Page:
Fenton Jacobson, APEX Tutoring
For high-achieving high school students, finding and maintaining a healthy academic balance is a tall order. As parents, we watch our diligent, sometimes overwhelmed kids take on one AP class after another in the name of getting into a good college. It can feel as though we’re the anxious audience, breathlessly watching as a tightrope walker ventures out onto a high wire.
How much is too much? Or, more precisely: how many Advanced Placement courses are too many for one high schooler to handle?
As the college admissions landscape continues to grow more competitive,
participation in AP classes has spiked. According to the College
Board, in May 2017, 2.7 million high school students took nearly 5
million Advanced Placement tests. Demand for AP classes and prep for the exams
have risen so sharply that some schools offer AP tests and courses to middle
schoolers, while some high school students are encouraged to load up on as many
AP classes as possible—six a year or more.
The AP Edge
Parents often encourage their children to take more AP courses because they hope to improve their chances of admission into more selective or prestigious colleges. And very real benefits to taking AP courses certainly exist: they can introduce students to academically rigorous curricula; teach college-level critical thinking and study skills; and provide an independent source of testing to ensure students have learned the material. AP exams can also help lower tuition costs at universities that accept high scores in lieu of college credits.
But AP overload comes at a price. A multi-part Chicago Tribune report found that in “many top-performing schools, students and experts describe an atmosphere of intense, sometimes disabling, pressure connected with test scores, college admissions and AP course loads.”
Students cannot sustain the high-wire act of high school if they are struggling to carry too heavy an AP load while also balancing sports, clubs, service activities, social lives—and even healthy eating and sleeping habits. Balance, always elusive, seems to have moved beyond many students’ reach. How to regain it? Consider some guidance from the experts.
Advice from college admissions professionals varies widely, and there are no hard-and-fast rules for how many AP classes any one student should take. But internal research at several Chicagoland high schools has found no increase in college persistence (attending college for five consecutive semesters or more) once a student has taken four to five AP classes in his or her high school career. Instead, the more AP classes a student piles on, the more his or her GPA can begin to slip as the workload becomes unmanageable.
In a 2016 interview with the New York Times, Stuart Schmill, Dean of Admissions at MIT, shared some valuable counsel. “What I tell students, and my own kids, is that you don’t have to take every advanced class. My high school daughter, for example, is taking advanced math and science courses but chose not to take advanced English and history.” Consider the main areas of study your child hopes to explore, and encourage her to choose courses accordingly. “You should challenge yourself,” Schmill continued. “For some students this might mean taking the most advanced classes, but it also might mean taking the most advanced classes appropriate for that student, and not spreading themselves too thin.”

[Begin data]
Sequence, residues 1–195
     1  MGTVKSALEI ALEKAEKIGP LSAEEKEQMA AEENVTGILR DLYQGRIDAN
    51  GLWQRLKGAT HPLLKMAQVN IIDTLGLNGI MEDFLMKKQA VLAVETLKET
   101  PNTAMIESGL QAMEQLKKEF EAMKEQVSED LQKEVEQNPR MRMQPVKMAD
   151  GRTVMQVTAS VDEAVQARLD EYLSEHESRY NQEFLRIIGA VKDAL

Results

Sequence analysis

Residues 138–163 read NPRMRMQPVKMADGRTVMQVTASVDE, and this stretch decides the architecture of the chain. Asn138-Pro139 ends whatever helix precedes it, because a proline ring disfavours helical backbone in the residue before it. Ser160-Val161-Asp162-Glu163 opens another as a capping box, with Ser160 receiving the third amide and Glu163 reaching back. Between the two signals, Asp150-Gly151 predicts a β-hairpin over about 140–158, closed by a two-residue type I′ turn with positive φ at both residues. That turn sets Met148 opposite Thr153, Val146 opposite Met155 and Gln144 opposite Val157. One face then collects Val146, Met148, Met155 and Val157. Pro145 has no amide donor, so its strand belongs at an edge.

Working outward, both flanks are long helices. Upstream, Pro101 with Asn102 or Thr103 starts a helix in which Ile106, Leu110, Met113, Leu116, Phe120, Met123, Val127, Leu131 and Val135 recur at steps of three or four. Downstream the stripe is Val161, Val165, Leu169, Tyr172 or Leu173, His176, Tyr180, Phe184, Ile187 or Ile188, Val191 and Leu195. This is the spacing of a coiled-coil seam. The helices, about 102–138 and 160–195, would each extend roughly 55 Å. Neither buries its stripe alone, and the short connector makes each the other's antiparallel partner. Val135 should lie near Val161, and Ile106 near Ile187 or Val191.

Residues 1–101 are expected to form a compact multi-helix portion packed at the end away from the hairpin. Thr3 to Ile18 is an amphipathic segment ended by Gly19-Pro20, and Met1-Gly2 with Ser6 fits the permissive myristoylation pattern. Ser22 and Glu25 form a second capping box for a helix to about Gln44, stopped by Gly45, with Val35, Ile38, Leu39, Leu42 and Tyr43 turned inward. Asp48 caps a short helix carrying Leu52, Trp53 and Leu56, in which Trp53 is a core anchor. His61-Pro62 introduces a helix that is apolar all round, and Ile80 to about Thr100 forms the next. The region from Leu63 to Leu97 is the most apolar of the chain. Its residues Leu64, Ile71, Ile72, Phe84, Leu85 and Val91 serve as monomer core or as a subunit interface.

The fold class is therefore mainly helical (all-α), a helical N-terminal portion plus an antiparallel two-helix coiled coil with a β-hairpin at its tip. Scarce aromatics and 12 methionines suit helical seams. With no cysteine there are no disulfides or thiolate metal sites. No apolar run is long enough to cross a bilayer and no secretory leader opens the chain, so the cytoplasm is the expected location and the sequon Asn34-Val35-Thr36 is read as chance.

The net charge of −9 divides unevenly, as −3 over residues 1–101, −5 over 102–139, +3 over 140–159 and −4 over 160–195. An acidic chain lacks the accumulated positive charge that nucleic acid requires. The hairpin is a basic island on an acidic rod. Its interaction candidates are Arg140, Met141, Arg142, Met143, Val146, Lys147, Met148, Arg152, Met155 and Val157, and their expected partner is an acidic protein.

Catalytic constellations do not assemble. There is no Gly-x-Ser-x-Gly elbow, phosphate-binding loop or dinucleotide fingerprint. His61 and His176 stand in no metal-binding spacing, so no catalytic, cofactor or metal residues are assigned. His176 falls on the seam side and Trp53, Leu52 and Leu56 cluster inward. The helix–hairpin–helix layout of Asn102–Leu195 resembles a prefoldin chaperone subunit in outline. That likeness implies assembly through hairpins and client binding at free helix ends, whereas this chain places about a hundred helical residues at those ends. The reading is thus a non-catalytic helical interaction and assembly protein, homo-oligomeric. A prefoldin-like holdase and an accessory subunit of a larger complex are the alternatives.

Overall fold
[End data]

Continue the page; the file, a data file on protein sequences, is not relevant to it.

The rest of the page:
The website for Harvard’s Office of
Admissions notes: “Most of all we look for students who make the
most of their opportunities and the resources available to them, and who are
likely to continue to do so throughout their lives.” This means opting for
a vigorous course load and demonstrating proficiency by taking tests such as AP
exams, but it also means leaving room to pursue extracurricular activities—from
service projects to outside reading and athletics.
The Right Stuff
The best advice boils down to this: students should take the most challenging course load they can handle while still doing well academically and not sacrificing a rich life outside of the classroom—one that will demonstrate to colleges who they really are. This means leaving room for clubs, sports, community service activities—and a social life and family time, too. Most importantly, it means not losing the thirst for knowledge and natural curiosity that distinguish life-long learners.
Admissions teams are looking for well-rounded young people who will enhance their school in a variety of ways. This means that they want students who are academically promising and able to handle the work expected of them, yes. But they also want students with interests outside of the classroom: young people interested in belonging to a community, with a demonstrable commitment to making a difference; young people who love to pursue new ideas and who possess a genuine curiosity about the world around them. Don’t let that spark be extinguished by the pressure to take too many AP classes or to score well on a test.
Creating and sustaining the balance that feels right is something your teenager will have to own for him- or herself. You can help them find their way toward that balance. But the work to maintain equilibrium? That’s up to them. For parents, it can be dizzying, even scary, to watch your teenager begin their attempt at a high-wire crossing; thrilling to see them take those first wobbly steps off the platform. At APEX, we’ll not only be cheering you on from the stands, but supporting your student from the sidelines. Contact us to learn more about how an APEX tutor can help your family find a healthy balancing act of its own.